Best ResponseYou've already chosen the best response.0for part b) i set AA = 32405t distance from Frada UA = 44 465t distance from frada Distance between AA and UA D= sqrt((32405*t)^2+(44465*t)^2) minimize this by taking the derivative dD/dt = (1/2)*(66840+760500*t)/sqrt((32405*t)^2+(44465*t)^2) set dD/dt = 0

anonymous
 one year ago
Best ResponseYou've already chosen the best response.0that makes sense! we got t = .0879

perl
 one year ago
Best ResponseYou've already chosen the best response.0@amistre64 please check for part a) i got a different ds/dt x^2 + y^2 = s^2 2x x' + 2y y' = 2s s' x* x' + y* y' = s * s ' 44 * (465) + 32 * (405) = sqrt( 44^2 + 32^2 ) * s ' s' = [44 * (465) + 32 * (405)]/ sqrt( 44^2 + 32^2 ) s' = 614.27 knots

perl
 one year ago
Best ResponseYou've already chosen the best response.0right, t = 1114/12675 = .0878 is the time when their distance is closest. and if you plug in you get D = 4.7677 miles .

perl
 one year ago
Best ResponseYou've already chosen the best response.0do you agree with my work, how i got ds/dt = 614.27

anonymous
 one year ago
Best ResponseYou've already chosen the best response.0ohh!! we screwed it up thank you!!

anonymous
 one year ago
Best ResponseYou've already chosen the best response.044 * (465) + 32 * (405) I think you had an error here...

anonymous
 one year ago
Best ResponseYou've already chosen the best response.0I think the speed of American 1003 is 405 not 465

perl
 one year ago
Best ResponseYou've already chosen the best response.0we can think of this problem as two dots approaching each other. The path of the dots can be represented by parametric equations

perl
 one year ago
Best ResponseYou've already chosen the best response.0woops i need a negative sign there

anonymous
 one year ago
Best ResponseYou've already chosen the best response.0do you know "whether ATC would have time to take action? Might a slight altitude change for one of the lights help prevent any five mile rule violation?"

perl
 one year ago
Best ResponseYou've already chosen the best response.0+465 since it is moving to the right

perl
 one year ago
Best ResponseYou've already chosen the best response.0now if you plug in t= .08 into both equations you can see exactly where the points are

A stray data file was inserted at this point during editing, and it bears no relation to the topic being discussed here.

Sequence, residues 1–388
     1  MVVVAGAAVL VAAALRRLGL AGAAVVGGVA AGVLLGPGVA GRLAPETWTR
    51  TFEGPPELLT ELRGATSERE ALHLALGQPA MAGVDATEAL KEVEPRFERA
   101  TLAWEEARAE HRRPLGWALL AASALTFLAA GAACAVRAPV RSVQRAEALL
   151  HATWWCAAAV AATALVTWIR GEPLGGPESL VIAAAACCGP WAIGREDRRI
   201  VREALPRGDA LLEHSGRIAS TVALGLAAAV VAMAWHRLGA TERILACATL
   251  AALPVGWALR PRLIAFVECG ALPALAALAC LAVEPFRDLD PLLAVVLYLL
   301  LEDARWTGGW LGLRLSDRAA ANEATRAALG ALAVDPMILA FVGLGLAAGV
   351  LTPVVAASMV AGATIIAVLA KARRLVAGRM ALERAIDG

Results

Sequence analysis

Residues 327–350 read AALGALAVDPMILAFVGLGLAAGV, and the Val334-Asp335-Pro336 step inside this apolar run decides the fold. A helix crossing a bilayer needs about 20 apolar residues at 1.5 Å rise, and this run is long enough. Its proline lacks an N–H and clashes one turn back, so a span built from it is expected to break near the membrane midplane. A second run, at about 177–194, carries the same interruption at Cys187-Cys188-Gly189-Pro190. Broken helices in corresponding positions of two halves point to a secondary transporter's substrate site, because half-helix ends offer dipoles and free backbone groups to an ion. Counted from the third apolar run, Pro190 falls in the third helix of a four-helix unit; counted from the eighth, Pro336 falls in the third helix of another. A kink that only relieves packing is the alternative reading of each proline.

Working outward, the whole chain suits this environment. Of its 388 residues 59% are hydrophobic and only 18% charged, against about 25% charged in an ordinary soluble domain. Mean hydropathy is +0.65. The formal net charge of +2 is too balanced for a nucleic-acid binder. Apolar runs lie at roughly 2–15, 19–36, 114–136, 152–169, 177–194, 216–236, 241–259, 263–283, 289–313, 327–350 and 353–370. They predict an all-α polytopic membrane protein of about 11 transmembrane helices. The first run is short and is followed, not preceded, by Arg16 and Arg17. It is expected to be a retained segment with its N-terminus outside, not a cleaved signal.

perl
 one year ago
Best ResponseYou've already chosen the best response.0clearly AA gets to Frada before UA because 32405t = 0 , t= 32/405 ~ .079 sec 44 + 465t = 0, t= 44/464 ~ .094 sec but at t = 1114/12675 they are closest together plug in this time into AA and UA AA is below F by 3.59 nautical miles UA is to the left of Frada by 3.13 nautical miles

perl
 one year ago
Best ResponseYou've already chosen the best response.0if you change the altitude that could change the minimum 5 nautical miles rule. but we would have to go into three dimensions

perl
 one year ago
Best ResponseYou've already chosen the best response.0without loss of generality we can set one of the planes to 30,000 feet and the other one to some value A. But note that we must change units to nautical miles to be consistent with our earlier calculations.
Ask your own question
Sign UpFind more explanations on OpenStudy
Your question is ready. Sign up for free to start getting answers.
spraguer
(Moderator)
5
→ View Detailed Profile
is replying to Can someone tell me what button the professor is hitting...
23
 Teamwork 19 Teammate
 Problem Solving 19 Hero
 Engagement 19 Mad Hatter
 You have blocked this person.
 ✔ You're a fan Checking fan status...
Thanks for being so helpful in mathematics. If you are getting quality help, make sure you spread the word about OpenStudy.